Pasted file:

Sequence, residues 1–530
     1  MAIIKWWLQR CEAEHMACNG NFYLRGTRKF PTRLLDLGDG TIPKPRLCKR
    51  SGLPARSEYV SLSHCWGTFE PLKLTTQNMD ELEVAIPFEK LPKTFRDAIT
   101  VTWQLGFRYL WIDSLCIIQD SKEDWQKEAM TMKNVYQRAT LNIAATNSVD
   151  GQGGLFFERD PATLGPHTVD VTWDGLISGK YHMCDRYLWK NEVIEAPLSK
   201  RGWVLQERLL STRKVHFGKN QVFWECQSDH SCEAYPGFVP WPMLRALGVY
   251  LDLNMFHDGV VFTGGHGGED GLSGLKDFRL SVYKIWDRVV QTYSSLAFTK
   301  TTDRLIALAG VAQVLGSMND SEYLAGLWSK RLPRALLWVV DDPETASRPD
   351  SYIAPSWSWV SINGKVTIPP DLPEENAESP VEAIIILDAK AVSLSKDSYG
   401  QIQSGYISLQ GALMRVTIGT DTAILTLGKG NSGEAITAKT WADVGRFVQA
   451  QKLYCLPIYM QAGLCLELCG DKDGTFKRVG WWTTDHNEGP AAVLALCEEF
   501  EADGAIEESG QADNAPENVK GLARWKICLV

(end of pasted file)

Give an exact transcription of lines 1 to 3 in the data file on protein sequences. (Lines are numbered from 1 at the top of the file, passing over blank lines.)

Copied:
Sequence, residues 1–530
     1  MAIIKWWLQR CEAEHMACNG NFYLRGTRKF PTRLLDLGDG TIPKPRLCKR
    51  SGLPARSEYV SLSHCWGTFE PLKLTTQNMD ELEVAIPFEK LPKTFRDAIT